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U.S. Supreme Court Takes Up Conflict Over Cross

At the heart of today’s case is a not-so-simple legal question about whether or not a memorial cross to honor those who made the ultimate sacrifice violates our First Amendment.

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BACKSTORY

  • 1925: 40-foot Latin cross memorial erected in Maryland to honor 49 WWI fallen soldiers. A group of mothers wanted to build a memorial to honor their sons KIA.
  • 1961: State gov’t acquired land where the memorial sits from the American Legion due to traffic concerns in the busy intersection.
  • 2014: American Humanist Assoc. sued on behalf of local residents.

 

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CHURCH vs. STATE

Separation of Church & State: The Establishment Clause of the First Amendment prohibits the gov’t from endorsing religion AND promoting one religion over another.

To decide, the U.S. Supreme Court will look to whether the cross (1) has a secular purpose; (2) advances or endorses religion; and (3) fosters excessive entanglement w/ religion.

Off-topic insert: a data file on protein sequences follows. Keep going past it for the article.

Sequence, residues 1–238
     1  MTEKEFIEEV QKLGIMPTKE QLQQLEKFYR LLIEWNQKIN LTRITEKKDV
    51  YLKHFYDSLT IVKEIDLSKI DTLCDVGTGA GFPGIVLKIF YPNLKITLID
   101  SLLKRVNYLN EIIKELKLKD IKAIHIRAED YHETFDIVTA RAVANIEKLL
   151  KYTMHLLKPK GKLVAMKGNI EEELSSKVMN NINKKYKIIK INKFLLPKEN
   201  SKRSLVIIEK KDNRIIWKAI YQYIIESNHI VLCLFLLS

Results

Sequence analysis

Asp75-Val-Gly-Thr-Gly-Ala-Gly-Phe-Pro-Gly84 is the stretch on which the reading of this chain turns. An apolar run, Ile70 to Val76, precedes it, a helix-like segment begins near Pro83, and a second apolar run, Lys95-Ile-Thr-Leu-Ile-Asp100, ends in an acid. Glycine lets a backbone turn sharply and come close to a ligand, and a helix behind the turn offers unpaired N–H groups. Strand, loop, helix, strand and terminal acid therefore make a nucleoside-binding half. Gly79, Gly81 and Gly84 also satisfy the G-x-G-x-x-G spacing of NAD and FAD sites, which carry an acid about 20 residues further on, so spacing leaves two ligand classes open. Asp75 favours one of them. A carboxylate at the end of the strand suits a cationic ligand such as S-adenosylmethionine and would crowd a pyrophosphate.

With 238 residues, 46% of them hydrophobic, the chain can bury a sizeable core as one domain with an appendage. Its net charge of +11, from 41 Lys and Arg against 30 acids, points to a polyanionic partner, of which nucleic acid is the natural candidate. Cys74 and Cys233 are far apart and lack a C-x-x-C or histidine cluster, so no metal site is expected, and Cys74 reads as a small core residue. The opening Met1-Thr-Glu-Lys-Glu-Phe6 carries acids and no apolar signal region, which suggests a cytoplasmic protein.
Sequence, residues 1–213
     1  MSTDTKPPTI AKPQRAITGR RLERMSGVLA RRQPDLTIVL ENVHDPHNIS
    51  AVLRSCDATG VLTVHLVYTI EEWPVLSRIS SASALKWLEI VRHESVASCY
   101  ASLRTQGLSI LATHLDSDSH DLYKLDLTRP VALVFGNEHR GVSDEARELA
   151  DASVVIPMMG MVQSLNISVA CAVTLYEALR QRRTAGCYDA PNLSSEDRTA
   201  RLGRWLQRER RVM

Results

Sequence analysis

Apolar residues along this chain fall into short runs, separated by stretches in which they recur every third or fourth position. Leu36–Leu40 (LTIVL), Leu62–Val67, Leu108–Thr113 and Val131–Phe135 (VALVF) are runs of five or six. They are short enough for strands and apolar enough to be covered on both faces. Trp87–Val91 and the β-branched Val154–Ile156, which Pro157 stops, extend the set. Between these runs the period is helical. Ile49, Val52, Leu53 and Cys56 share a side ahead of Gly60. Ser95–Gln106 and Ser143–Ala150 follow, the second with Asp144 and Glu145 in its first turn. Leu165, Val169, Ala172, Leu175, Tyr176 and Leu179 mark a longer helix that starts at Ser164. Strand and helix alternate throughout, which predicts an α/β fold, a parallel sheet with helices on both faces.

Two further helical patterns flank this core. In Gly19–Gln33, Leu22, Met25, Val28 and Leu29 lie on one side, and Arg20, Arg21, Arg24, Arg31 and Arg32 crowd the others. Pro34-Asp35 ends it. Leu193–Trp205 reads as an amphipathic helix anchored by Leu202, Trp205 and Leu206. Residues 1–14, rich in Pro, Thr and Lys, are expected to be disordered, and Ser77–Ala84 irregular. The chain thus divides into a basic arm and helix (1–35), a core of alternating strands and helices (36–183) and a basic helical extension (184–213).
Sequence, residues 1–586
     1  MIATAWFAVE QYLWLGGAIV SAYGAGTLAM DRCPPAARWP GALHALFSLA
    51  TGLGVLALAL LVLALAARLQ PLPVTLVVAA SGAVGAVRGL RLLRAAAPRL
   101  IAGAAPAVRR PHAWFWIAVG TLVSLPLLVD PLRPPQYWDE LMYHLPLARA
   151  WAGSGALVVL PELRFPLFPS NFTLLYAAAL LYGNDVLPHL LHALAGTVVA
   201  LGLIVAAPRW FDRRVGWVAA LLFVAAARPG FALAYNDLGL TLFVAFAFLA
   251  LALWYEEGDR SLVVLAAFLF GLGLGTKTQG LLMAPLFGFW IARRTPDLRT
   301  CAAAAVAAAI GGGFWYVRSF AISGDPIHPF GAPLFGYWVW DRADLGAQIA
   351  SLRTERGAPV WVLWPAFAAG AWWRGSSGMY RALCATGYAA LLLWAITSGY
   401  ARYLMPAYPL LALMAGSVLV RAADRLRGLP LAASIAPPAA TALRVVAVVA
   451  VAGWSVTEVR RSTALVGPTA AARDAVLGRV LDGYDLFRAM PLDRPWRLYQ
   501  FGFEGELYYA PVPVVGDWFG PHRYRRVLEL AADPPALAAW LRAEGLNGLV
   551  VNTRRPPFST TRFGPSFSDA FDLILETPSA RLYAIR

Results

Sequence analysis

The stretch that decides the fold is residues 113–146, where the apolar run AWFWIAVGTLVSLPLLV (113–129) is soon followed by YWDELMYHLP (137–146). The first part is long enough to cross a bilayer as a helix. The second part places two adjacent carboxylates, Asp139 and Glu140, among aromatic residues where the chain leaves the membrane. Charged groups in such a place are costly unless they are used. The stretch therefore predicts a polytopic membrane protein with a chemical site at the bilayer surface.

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“The cross, you know, is a religious symbol, it honors Christian veterans but no other war dead are honored by the cross other than Christians…. just because it’s a war memorial just doesn’t make it secular it actually just is using a religious symbol to accomplish that end.”

Rebecca Miller, Esq., representing the American Humanist Ass., who want the cross moved to private property.
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“That the principal effect of this is not to advance religion. That the principal effect … is to commemorate those who made the ultimate sacrifice during war.”

Ken Klukowski, Esq., one of the lawyers representing the American Legion, who want the cross to stay put where it is.
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WHY IT MATTERS

Domino Effect: The case has the potential to upend or expand upon decades-long legal precedent about religious symbols on gov’t land. Hundreds of memorials could be impacted.

Watch This: Will Pres. Trump’s Supreme Court nominees, Brett Kavanaugh & Neil Gorsuch impact the court’s decision?

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Separation of church and state doesn’t mean the complete absence of religion. The U.S. Supreme Court opens every session with a statement that ends: "God save the United States and this Honorable Court."

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PHOTO CREDIT: NPR